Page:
There is much...: Graves disease is quite variable in its presentation and can wax and wane. After two years, you are unlikely to have any major spontaneous resolution. However, there is a great deal that can be done by an experienced oculoplastic surgeon to improve most patients. A person should seek help and not get discouraged. Take a look at these before and after photos. ...Read more
Sometimes: Graves disease is the association of thyroid hyperactivity with eye protrusion although each aspect can occur independently. The bulging of the eyes is unpredictable; some have it mild but others severe in a manner that can be a cosmetic problem, cause visual doubling, corneal surface problems from exposure and loss of vision if very severe. You should seen an oculoplastic surgeon for this. ...Read more
Graves eye disease: Most patients with graves have no or only minimal eye disease. Graves eye disease runs a different course from the hyperthyroidism. It can appear years after the thyroid has been fixed. Graves eye disease has a wide range of severity, and can be difficult to treat in severe cases. Steroids and/or surgery are used. ...Read more
My eyes have been sore for 2 weeks now, thier red, having double vision, can't study properly, could it be linked to graves' disease?
Graves' disease: Yes, you can develop changes in the eye socket associated with graves' disease called graves orbitopathy. Enlargement of the eye muscles can lead to double vision and inflammation in the eye socket and around the eyes and protrusion of the eyeballs can lead to redness, ocular dryness and irritation. ...Read more
Had Graves' disease 28 years ago, now hypothyroidism. My eyes get a lot of pressure behind them. Eyelids open during the night. Painful.
With hypothyroidism, your metabolism slows and your mucous can be dry and thickened which frequently blocks the ostia of your sinuses. These small openings connect to the atmosphere. Blocking them raises the pressure in your sinuses and gives you that feeling behind your eyes. Not closing your eyes all the way for sleep, or lagophthalmos, can be treated with Genteal Gel or Refresh PM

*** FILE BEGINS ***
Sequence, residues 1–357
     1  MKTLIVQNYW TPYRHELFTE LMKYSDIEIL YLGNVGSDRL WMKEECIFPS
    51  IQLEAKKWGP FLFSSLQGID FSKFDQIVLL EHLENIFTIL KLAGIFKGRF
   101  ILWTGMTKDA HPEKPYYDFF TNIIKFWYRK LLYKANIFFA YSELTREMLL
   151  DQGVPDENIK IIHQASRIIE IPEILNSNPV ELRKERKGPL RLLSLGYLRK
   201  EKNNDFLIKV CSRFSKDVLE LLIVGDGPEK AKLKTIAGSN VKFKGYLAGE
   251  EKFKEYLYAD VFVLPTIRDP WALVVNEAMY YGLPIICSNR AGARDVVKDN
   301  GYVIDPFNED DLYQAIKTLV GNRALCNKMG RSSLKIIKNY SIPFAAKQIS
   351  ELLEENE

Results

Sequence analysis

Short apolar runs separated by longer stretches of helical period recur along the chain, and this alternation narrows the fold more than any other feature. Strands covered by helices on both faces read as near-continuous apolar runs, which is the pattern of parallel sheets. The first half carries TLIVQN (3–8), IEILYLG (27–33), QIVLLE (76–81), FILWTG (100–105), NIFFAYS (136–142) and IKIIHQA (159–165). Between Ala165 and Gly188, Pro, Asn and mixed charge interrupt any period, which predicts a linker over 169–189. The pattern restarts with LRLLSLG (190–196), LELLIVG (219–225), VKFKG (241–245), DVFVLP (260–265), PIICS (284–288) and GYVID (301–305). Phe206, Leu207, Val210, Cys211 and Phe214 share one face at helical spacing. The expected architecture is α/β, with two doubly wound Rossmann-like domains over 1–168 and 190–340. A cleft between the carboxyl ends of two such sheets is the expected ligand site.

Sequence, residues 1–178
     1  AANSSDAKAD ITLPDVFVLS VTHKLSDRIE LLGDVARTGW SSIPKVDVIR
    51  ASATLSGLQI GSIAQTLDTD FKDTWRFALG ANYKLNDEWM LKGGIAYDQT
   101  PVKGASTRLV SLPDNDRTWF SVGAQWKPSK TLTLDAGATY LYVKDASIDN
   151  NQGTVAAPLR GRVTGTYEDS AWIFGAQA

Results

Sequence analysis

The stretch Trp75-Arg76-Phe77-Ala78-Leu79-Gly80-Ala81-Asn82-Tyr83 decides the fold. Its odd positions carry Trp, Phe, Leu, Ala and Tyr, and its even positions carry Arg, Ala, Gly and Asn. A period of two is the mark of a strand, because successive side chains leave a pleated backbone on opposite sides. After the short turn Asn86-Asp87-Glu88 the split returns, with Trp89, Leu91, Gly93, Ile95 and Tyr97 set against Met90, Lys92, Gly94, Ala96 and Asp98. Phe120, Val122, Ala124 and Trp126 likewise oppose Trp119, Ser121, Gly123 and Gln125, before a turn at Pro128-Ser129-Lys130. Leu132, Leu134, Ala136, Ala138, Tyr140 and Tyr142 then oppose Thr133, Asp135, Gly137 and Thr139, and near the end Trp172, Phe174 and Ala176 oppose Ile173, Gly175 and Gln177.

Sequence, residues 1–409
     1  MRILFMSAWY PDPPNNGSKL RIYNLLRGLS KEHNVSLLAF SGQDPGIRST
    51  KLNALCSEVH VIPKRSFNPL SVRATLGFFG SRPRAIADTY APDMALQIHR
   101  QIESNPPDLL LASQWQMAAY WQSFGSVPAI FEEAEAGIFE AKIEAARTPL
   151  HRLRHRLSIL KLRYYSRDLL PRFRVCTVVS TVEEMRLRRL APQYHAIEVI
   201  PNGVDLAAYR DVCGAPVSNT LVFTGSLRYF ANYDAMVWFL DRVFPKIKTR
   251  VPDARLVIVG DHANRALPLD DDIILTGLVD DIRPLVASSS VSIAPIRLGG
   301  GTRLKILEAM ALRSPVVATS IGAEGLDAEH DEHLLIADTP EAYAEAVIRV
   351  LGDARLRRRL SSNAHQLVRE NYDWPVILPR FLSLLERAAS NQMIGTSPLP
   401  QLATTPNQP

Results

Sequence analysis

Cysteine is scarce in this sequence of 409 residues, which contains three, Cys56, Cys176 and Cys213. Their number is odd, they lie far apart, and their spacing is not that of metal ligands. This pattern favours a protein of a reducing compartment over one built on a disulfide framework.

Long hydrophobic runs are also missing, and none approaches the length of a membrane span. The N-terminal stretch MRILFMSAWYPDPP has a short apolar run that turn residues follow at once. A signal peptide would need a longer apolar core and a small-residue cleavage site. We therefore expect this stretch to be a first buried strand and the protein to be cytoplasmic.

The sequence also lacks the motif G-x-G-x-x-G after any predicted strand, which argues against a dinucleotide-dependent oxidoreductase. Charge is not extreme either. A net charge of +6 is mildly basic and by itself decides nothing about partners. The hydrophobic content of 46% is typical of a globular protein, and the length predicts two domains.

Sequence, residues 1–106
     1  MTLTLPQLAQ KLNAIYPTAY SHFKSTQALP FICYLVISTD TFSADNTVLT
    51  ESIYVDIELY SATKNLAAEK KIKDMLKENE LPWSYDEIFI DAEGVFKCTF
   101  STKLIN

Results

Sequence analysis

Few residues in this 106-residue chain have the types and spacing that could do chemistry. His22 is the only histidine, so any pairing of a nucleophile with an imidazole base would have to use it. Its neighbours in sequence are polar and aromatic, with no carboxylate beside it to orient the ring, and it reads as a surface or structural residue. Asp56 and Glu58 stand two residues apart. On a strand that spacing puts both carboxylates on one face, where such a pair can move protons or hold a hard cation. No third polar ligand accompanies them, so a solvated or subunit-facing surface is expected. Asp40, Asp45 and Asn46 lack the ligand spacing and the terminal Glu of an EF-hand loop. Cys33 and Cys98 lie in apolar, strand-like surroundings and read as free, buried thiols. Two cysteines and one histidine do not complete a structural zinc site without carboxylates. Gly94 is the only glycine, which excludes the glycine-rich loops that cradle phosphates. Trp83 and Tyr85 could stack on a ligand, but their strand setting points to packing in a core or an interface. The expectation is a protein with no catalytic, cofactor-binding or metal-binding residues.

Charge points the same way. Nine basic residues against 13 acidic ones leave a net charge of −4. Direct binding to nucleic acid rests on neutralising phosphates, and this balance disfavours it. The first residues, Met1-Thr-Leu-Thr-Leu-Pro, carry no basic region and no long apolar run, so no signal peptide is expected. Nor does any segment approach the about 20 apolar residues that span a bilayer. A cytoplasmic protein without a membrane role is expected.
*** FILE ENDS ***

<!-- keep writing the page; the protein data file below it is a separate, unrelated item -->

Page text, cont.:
before bed. ...Read more
Eyes burn to point I squint alot. I use restasis but doesn't help. What's causing it and what can I do about it? Eyes bulge some from graves disease.
Hi doc. Do I need to see an opthalmologist for. My bulging eyes? I was diagnoses with graves disease and taking methimaxole for almost one mobth alread
Yes: You need a thorough ophthalmologic examination to establish your baseline as well as to treat anything that is apparent from your examination findings. Furthermore, graves' disease management is a multidisciplinary approach involving usually an endocrinologist, ophthalmologist ;#40;strabismologist, oculoplastic, general;#41;, and occasionally a radiation oncologist. And yes, stop smoking! ...Read more
Have graves disease with graves ophthalmology (bulging eyes).Need to stop thyroid. Which is better radioactive iodine or surgical removal?
Depends: Depends on specific thyroid condition.Get a more detailed answer ›
What percentage of patients with Graves disease develop eye problems? Will there be any eye issues if the disease is treated early on?
Grave's disease does not often result in eye problems if treatment is OK. That said, any concern you might have regarding your eyes please contact both your thyroid doctor and an eye doctor.
I suspect all will be well!
Please let me know what develops. ...Read more
No: It can happen, but is relatively uncommon -- less than 1/3 of the time. If you're successfully treated, the chances of developing graves' eye disease generally decline the longer you remain normal after treatment. ...Read more
Exophthalmos: Classic graves disease case protruding eyeball anteriorly out of the eye socket, this called exophthalmos. Besides dyscomfort, cause corneal dryness and demage. In very advanced case can cause compression of the optic nerve or ophthalmic artery, which can affect the patient's eyesight. ...Read more
Grave's Eye Disease: Graves eye disease also called thyroid related orbitopathy (tro) can be serious vision threatening in some patients. We perform surgery based on the stage of the tro. In the active stage we usually use pharmacotherapy and when the disease is stable, we consider surgical options. Surgical options include only eyelid surgery, only orbital decompression (fatty and/or bony), and/or muscle surgery. ...Read more